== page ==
Sunday 28 November 2010

Early November Snow

Well, winter’s definitely here.  Normally, in this part of the UK when we get snow it’s around January.  We’ve had over six inches of snow in recent days.  Getting up early in the morning this weekend, the local radio station was saying if you don’t have to go out, stay in which seemed sensible advice with temperatures at around zero and planning on rising and with more snow on the way.  However I like getting out when it is like this, as long as the wind isn’t too strong and you dress warmly in layers, walking around one of my favourite places will usually be quiet with fewer people venturing out and animal tracks all around plus the added bonus that much of the wildlife is less timid and spending more time looking for food.

So it was that I set off dressed up snugly with camera, lenses and food for myself and to entice some wildlife.  Initially, it seemed very quiet with little stirring – amazingly quiet.  When the wildlife started to appear it seemed very cautious and I could only get some long distance images.  I also couldn’t stop long as there were few places that I could find that didn’t require my digging away the snow and despite my wearing two pairs of thick socks, I would soon find my feet getting cold.


Apparently, at this time of year the Robins we have are not our ‘local’ ones but visitors from places such as Russia escaping the cold weather there – not sure what they must think when they end up with this then!  Anyway, they seem particularly friendly though this may have something to do with any food on offer as whenever I did stop for any short periods, up would pop a Robin out of nowhere and although I couldn’t get them to feed out of my hand as in previous years they still came quiet close.  Each location it was the same – first came a Robin then later, a few others and after putting out the last of the food I brought I decided to just walk around enjoying the sunny weather.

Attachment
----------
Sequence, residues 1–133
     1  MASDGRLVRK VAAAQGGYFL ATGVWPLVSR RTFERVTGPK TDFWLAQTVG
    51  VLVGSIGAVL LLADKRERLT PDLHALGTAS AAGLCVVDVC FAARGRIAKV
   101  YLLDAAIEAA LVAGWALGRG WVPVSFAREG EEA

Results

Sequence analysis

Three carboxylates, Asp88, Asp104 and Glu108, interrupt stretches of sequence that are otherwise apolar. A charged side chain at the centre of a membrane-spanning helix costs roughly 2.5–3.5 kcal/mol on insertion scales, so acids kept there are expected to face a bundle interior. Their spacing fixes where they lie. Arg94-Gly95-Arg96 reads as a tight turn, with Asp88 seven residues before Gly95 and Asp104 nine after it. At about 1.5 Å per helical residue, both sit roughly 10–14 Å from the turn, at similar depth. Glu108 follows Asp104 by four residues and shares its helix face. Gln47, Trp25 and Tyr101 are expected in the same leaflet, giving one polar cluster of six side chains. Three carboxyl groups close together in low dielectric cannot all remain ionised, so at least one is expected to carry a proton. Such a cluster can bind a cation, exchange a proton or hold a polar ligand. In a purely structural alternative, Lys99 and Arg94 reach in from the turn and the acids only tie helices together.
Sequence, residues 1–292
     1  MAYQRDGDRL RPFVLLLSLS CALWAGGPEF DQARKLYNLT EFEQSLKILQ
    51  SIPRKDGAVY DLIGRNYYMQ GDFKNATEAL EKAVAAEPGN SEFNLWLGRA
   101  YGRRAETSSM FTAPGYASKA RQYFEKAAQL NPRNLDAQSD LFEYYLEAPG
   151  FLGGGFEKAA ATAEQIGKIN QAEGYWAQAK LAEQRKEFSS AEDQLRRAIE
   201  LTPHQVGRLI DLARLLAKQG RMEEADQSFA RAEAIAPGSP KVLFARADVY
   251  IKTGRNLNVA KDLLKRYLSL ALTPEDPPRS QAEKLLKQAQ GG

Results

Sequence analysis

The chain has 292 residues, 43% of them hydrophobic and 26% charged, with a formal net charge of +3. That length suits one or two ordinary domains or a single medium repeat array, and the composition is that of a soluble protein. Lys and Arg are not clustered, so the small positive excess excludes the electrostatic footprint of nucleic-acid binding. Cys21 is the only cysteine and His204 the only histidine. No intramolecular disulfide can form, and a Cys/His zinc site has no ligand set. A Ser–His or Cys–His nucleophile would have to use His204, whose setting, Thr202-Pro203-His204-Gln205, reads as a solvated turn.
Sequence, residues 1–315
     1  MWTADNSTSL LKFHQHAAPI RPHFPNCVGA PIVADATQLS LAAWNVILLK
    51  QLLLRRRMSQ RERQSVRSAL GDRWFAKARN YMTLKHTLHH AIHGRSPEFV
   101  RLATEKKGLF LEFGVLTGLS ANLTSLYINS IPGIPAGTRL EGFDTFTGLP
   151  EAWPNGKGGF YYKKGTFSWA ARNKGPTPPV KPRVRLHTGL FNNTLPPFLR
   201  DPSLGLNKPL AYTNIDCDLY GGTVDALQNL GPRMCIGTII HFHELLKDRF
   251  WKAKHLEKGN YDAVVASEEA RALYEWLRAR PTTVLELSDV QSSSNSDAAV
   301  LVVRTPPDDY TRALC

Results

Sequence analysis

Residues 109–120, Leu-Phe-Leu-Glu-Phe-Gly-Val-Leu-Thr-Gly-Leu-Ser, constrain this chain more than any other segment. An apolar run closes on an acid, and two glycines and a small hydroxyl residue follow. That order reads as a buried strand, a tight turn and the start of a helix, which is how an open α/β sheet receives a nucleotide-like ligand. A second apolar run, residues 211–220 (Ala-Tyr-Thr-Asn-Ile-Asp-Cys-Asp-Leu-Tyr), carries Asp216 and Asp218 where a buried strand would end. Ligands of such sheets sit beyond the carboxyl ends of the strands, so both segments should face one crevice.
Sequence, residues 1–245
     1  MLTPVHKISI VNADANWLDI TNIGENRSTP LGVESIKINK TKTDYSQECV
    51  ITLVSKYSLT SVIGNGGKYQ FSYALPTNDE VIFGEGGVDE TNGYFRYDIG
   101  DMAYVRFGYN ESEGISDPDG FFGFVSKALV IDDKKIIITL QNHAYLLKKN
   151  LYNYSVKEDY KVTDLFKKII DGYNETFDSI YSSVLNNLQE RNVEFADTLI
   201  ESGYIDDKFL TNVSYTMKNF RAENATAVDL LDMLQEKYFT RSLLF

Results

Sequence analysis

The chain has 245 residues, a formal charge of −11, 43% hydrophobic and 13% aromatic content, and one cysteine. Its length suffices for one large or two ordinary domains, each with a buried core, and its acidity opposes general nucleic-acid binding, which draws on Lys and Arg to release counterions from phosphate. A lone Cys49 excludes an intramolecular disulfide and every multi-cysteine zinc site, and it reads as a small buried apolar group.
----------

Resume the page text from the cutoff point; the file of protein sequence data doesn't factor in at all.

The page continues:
In some parts I went, it looked like somebody had let off a giant foam fire extinguisher with everywhere looking like it was covered in foam.  Along the edge of a wood I came across some obviously fresh Fox tracks, as it had snowed heavily recently, so I new they had to have been made in the last hour – possibly the last few minutes, but they turned off into the woods. As well as other Fox tracks there were Roe Deer and other bird prints though no Rabbit. After around five hours I could see some very foreboding clouds rapidly heading my way and decided I really didn’t want to be caught out in another heavy snowfall and so made my way back.

From a photographic point of few, the day had been quiet difficult with, despite the sunlight, it was dark as far as the light getting into my camera was concerned and I had to shoot at 1600 ISO when using my telephoto lens. Surprisingly the battery held out saying it was still a full charge, usually the cold will drain them quickly, though I had two spares in my pockets being kept warm. Despite my telephoto lens having lens cover on it, it still had a bare handle grip which in these temperatures, even through my thermal gloves, felt very cold. Next time I will have to make some kind of cover for this to help prevent this.  I’m sure I’m in the minority here, but I prefer this kind of weather in the winter than the ‘normal’ cold, damp and wet weather we would otherwise get.